- Economic growth is rising at a "modest to moderate pace," according to the Federal Reserve's latest "Beige Book" report.
- The central bank releases the report periodically through the year on business conditions across its various districts.
- Business contacts reported unease over the potential coronavirus spread as well as uncertainty regarding the presidential election.
The U.S. economy continues to move forward but faces risks from both the presidential election and the feared spread of the novel coronavirus, the Federal Reserve reported Wednesday.
In the central bank's periodic "Beige Book" report from its member districts, officials saw activity growing at a "modest to moderate pace." Threats from the coronavirus specifically did not seem to pose a major threat yet, though business contacts said they were worried about potential ramifications to come.
"There were indications that the coronavirus was negatively impacting travel and tourism in the U.S.," the report said. "Manufacturing activity expanded in most parts of the country; however, some supply chain delays were reported as a result of the coronavirus and several Districts said that producers feared further disruptions in the coming weeks."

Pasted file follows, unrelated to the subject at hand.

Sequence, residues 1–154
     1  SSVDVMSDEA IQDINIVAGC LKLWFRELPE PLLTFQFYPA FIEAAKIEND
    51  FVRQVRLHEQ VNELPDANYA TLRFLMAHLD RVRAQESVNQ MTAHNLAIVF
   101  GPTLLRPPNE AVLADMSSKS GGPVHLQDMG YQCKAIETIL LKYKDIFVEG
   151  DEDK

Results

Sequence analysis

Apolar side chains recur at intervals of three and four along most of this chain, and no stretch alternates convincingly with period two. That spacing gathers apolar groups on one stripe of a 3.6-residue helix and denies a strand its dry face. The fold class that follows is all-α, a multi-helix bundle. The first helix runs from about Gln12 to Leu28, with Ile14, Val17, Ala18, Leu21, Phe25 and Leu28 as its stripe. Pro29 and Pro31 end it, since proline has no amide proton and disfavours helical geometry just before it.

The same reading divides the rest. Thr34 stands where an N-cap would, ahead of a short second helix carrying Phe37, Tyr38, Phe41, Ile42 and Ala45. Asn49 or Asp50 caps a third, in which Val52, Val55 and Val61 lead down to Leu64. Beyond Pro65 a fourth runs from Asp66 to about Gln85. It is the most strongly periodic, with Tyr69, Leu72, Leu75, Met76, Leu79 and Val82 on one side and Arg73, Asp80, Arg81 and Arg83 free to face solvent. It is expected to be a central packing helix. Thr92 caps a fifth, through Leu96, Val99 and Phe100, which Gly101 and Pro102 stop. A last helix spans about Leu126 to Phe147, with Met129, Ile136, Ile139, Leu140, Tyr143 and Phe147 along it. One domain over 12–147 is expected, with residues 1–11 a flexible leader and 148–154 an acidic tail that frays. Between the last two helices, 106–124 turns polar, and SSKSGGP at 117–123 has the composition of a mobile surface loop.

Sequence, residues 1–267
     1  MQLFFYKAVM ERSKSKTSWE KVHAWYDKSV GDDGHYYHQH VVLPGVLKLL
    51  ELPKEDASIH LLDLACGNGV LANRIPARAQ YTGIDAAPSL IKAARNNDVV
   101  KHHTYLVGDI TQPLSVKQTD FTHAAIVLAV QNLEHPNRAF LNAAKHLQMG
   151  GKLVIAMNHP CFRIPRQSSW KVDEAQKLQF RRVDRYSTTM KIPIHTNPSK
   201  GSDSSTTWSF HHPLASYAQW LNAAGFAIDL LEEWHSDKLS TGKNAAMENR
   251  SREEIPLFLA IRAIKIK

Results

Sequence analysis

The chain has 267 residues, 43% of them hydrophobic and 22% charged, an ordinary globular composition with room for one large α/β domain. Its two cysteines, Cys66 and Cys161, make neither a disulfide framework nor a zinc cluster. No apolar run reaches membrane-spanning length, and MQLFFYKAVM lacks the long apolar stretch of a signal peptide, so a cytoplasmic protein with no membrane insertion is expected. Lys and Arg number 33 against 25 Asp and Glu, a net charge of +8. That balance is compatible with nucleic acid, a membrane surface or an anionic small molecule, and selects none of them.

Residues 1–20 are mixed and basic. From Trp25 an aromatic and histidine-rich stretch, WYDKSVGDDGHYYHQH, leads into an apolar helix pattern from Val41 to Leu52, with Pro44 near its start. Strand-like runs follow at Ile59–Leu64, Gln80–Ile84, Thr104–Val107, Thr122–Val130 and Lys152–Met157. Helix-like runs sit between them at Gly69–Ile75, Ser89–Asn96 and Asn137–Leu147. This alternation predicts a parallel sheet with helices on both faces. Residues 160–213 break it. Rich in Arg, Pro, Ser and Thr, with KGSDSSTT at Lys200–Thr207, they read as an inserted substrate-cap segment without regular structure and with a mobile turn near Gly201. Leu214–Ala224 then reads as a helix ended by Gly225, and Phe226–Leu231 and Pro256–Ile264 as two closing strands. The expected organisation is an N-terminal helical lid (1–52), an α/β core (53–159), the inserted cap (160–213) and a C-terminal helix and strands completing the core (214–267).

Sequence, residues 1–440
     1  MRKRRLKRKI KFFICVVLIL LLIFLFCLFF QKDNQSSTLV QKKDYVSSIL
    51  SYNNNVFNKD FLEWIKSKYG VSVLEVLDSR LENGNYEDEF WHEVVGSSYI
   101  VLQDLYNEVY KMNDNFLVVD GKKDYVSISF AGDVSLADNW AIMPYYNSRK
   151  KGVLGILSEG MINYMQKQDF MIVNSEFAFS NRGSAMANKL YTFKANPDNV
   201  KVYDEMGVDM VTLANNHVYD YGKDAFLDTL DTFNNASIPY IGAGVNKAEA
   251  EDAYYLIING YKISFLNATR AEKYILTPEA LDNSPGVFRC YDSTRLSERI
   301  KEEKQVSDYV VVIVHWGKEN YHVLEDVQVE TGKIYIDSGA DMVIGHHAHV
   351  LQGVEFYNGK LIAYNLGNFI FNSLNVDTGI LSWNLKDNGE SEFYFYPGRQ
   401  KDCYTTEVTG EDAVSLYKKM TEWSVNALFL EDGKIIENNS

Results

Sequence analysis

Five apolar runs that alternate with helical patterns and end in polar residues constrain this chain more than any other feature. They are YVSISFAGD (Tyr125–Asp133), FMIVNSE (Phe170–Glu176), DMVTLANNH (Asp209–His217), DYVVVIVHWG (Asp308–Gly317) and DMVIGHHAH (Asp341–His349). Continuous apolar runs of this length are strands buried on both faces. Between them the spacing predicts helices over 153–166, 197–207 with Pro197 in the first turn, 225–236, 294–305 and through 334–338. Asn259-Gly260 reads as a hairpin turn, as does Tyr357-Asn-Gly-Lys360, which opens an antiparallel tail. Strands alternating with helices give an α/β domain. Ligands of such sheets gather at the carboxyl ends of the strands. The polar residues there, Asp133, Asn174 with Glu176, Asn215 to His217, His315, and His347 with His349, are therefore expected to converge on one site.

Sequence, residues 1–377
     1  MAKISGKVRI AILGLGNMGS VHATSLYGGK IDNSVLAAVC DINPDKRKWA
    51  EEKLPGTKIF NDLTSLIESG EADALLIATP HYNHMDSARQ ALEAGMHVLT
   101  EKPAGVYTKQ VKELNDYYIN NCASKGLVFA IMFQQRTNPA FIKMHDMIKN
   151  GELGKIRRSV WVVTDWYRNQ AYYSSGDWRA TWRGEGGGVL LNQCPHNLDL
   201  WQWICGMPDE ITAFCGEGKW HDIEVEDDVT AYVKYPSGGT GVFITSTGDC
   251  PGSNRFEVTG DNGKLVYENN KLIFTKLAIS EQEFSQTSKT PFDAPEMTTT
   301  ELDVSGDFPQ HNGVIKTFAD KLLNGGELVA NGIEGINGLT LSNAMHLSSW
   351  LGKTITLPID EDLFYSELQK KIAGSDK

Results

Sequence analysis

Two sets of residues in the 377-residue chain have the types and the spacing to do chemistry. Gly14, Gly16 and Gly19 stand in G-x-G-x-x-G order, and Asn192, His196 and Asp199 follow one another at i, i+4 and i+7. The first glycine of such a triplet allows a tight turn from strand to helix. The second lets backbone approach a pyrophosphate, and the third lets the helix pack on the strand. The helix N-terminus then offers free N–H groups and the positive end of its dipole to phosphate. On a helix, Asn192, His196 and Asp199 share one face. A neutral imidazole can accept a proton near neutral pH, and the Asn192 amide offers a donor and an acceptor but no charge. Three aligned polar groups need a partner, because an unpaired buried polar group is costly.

The data in the report includes the period through Feb. 24, so it was before some of the recent intensifying of the disease spread and extreme volatility in financial markets.
There have been more than 94,000 cases of COVID-19 reported around the world and more than 3,200 deaths. Wall Street has seen a stock market correction that has come amid worries that the disease's epicenter in China could cause a supply chain constraint through the world that will slow growth substantially.
"Outlooks for the near-term were mostly for modest growth with the coronavirus and the upcoming presidential election cited as potential risks," the report stated.
Across individual districts, Philadelphia reported worries that the coronavirus "has increased uncertainty" about growth prospects, while Richmond saw concerns about lowering imports from China. Chicago, however, reported "little effect."
On the election, multiple districts reported general uncertainty over business conditions related to the political landscape.